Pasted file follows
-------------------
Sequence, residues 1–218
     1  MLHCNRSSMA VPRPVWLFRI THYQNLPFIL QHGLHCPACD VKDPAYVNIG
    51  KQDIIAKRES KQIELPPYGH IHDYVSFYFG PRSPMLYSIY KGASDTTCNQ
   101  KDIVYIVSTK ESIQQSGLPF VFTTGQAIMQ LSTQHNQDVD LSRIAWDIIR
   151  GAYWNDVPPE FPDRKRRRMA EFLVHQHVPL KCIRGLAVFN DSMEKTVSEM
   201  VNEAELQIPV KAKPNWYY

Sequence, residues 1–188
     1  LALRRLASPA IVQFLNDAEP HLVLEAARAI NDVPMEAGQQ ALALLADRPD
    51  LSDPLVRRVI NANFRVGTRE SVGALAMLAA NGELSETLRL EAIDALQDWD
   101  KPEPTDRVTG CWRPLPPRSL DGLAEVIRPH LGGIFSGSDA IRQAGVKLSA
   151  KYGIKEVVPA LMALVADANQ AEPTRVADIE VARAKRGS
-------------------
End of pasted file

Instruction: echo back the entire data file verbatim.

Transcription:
Sequence, residues 1–218
     1  MLHCNRSSMA VPRPVWLFRI THYQNLPFIL QHGLHCPACD VKDPAYVNIG
    51  KQDIIAKRES KQIELPPYGH IHDYVSFYFG PRSPMLYSIY KGASDTTCNQ
   101  KDIVYIVSTK ESIQQSGLPF VFTTGQAIMQ LSTQHNQDVD LSRIAWDIIR
   151  GAYWNDVPPE FPDRKRRRMA EFLVHQHVPL KCIRGLAVFN DSMEKTVSEM
   201  VNEAELQIPV KAKPNWYY

Sequence, residues 1–188
     1  LALRRLASPA IVQFLNDAEP HLVLEAARAI NDVPMEAGQQ ALALLADRPD
    51  LSDPLVRRVI NANFRVGTRE SVGALAMLAA NGELSETLRL EAIDALQDWD
   101  KPEPTDRVTG CWRPLPPRSL DGLAEVIRPH LGGIFSGSDA IRQAGVKLSA
   151  KYGIKEVVPA LMALVADANQ AEPTRVADIE VARAKRGS